Descendant of Martha Wright puts this women's rights activist in the spotlight once again
(Sept. 28, 2004) GENEVA, N.Y.—Martha Coffin Wright of Auburn, N.Y., was considered a “very dangerous woman” by her conservative neighbors because of her work in the women's rights and abolition movements. Drawing inspiration from Wright's writings, her great-great-grandson, James D. Livingston, presents “Dangerous Woman: Martha Wright and Women's Rights” at 9 a.m. on Friday, Oct. 1, in The Fisher Center, 212 Demarest Hall. The talk is free and the public is invited to attend.
Joining Livingston at the podium is his wife and collaborator, Sherry H. Penney, director of the Center for Collaborative Leadership at the University of Massachusetts at Boston.
Wright and her sister, Lucretia Mott, were among the five women who, in 1848, organized the world's first women's rights convention in Seneca Falls. Wright worked closely with Susan B. Anthony and Elizabeth Cady Stanton in championing the cause, presiding at numerous women’s rights conventions. She was also very active in the abolition movement and the Underground Railroad, and was a close friend and supporter of Harriet Tubman.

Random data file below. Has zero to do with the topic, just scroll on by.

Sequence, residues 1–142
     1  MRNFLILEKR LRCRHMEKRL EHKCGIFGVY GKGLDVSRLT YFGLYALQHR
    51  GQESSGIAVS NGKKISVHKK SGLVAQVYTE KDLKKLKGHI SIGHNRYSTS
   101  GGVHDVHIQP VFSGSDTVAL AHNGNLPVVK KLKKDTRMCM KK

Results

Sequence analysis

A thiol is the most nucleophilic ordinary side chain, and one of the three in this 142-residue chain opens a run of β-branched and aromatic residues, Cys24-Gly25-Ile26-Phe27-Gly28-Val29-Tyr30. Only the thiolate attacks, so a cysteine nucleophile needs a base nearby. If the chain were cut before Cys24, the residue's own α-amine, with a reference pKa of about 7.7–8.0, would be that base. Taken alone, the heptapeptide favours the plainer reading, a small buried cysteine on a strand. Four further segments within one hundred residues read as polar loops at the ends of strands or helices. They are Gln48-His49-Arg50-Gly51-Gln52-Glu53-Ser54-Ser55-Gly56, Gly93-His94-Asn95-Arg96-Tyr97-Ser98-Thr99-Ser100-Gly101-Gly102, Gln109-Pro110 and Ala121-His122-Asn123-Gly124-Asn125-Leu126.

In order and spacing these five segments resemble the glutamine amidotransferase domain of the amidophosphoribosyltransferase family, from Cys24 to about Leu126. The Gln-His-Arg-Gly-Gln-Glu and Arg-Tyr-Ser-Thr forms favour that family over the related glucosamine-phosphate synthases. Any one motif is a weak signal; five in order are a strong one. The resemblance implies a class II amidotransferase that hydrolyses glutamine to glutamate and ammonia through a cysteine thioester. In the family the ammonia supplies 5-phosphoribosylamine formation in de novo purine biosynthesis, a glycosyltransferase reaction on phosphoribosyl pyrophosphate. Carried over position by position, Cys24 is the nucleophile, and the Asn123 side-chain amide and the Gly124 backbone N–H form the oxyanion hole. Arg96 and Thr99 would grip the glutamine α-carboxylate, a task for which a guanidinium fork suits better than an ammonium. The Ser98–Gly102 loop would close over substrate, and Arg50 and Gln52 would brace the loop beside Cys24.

Wright remained a prominent figure in the women's movement until her death in 1875, when she was president of the National Woman Suffrage Association. Her many letters and diaries reveal her engaging wit and an unequaled insider's view of 19th-century reform and family life.
Livingston studied engineering physics at Cornell University, and received a Ph.D. in Applied Physics from Harvard University. Since retiring from General Electric after a lengthy career as a research physicist, he has been teaching in the Department of Materials Science and Engineering at MIT. Although a physicist by profession, he has long had a strong interest in American history. He is the author of several popular-science books and, with Penney, three publications about Wright. Their biography “A Very Dangerous Woman: Martha Wright and Women’s Rights” was published in June.